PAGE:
Heroin is an opiate drug that is illegal to use and highly addictive. A person who only uses heroin a few times can become addicted. According to the American Society of Addiction Medicine (ASAM), an estimated 23 percent of people who use heroin will develop an addiction to it. Unfortunately, addiction to heroin has increasingly caused more and more deaths in Durham and in the United States as a whole. In this article, you can read more about heroin addiction statistics and how this drug is impacting Americans.
According to the Centers for Disease Control and Prevention (CDC), an estimated 8,200 people died due to heroin overdoses in 2013. This number is quadruple that of heroin overdose deaths 10 years earlier. Deaths from heroin abuse represent a significant number of drug overdose deaths in the United States. Out of the estimated 52,404 people who died from drug overdoses in the United States in 2015, an estimated 12,990 of them are due to heroin. Heroin addiction statistics show that addiction to heroin knows no gender, socioeconomic status, or ethnicity.
As an opiate, heroin works on the brain to slow breathing. A person can use heroin to the point where they stop breathing altogether. As a result, they cannot get enough oxygen to their brains. This can result in coma and death. Additionally, people often abuse multiple substances, such as alcohol and other drugs. Other people may use heroin that is "cut" or mixed with other drugs, such as fentanyl and cocaine. These practices all increase the risk for heroin overdose.
Most heroin users use at least three other drugs, according to the CDC. The most common predictor of heroin addiction and abuse is using opioid painkillers. Those who use opioids are 40 times more likely to be addicted to heroin. Examples of opioid painkillers include hydrocodone, oxycodone, fentanyl, morphine, and hydromorphone (Dilaudid). An estimated 80 percent of people who abuse heroin started out abusing these and other prescription painkillers. Those who are addicted to the following substances are more likely to be addicted to heroin:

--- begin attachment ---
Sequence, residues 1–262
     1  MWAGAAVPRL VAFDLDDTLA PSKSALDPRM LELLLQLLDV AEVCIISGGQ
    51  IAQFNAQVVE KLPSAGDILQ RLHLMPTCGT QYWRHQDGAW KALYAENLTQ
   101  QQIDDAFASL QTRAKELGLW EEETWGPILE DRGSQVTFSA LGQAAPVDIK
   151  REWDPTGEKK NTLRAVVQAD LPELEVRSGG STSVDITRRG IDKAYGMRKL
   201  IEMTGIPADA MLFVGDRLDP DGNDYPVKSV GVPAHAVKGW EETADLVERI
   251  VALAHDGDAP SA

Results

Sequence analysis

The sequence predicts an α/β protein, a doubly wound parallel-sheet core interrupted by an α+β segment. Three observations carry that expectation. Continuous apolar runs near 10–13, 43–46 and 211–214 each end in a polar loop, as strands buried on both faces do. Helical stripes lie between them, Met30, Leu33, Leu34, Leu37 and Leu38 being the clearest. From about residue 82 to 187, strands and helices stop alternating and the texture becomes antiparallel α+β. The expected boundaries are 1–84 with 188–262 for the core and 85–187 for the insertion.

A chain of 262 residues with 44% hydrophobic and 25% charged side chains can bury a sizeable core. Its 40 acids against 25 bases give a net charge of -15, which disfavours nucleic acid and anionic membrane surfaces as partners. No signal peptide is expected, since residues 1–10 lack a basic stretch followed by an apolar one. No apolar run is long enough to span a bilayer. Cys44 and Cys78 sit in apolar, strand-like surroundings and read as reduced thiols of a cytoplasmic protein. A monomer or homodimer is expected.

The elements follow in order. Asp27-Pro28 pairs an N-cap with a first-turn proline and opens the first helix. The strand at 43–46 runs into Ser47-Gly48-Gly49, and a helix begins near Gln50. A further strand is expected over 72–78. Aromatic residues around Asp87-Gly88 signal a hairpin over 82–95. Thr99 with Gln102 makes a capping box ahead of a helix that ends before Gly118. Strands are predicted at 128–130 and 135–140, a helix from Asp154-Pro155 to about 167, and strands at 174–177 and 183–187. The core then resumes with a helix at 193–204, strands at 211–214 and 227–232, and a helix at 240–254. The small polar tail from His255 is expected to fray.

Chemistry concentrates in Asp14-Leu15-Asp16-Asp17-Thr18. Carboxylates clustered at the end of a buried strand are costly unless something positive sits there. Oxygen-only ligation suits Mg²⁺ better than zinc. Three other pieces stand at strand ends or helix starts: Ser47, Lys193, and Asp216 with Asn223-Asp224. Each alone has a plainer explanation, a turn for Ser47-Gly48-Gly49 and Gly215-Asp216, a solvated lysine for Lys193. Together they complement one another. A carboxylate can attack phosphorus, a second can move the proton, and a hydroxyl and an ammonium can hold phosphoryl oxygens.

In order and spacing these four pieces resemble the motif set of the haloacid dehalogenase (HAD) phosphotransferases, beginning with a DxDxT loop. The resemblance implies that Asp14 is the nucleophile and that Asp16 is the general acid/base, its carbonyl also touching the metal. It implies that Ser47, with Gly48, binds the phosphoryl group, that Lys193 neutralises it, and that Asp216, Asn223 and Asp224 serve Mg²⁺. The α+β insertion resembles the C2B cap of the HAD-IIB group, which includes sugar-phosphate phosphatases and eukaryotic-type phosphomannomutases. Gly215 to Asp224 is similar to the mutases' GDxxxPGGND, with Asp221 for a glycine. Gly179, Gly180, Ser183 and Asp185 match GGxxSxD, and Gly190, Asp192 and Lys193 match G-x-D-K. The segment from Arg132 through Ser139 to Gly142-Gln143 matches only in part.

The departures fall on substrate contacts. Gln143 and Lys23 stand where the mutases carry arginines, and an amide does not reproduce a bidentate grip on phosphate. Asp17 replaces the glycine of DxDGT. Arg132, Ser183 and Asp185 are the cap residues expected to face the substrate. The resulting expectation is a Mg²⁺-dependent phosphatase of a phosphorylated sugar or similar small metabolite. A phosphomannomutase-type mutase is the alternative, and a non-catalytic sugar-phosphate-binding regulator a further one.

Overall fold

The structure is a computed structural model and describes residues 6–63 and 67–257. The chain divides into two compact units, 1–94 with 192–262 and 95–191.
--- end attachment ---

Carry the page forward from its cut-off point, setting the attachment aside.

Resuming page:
By reducing opioid addictions and dependence, states and drug treatments centers are ideally trying to stop people from ever trying heroin and becoming addicted to it. In addition to this method, treatment centers are trying to increase opiate addiction recovery statistics by using medication therapies to help people quit abusing heroin. Examples of these therapies include methadone, buprenorphine, or naltrexone. These medications can reduce cravings for the drugs and block pain receptors in some instances. In addition to these treatments, many states are making available the drug naloxone. Also known as Narcan, this medication can reduce the effects of a heroin overdose and potentially save someone's life.
According to the National Institute on Drug Abuse (NIDA), an estimated 14.1 percent of people were admitted to drug treatment programs for heroin abuse treatment. Of heroin abusers, the largest number are ages 18 to 44, according to U.S. News & World Report. The average age a person uses heroin for the first time is 24.5 years old in America.
Heroin is an addictive and dangerous substance, the abuse of which has meant heroin addiction statistics are becoming more serious. Seeking heroin addiction treatment is often the only way that a person can overcome their very serious addiction to this substance.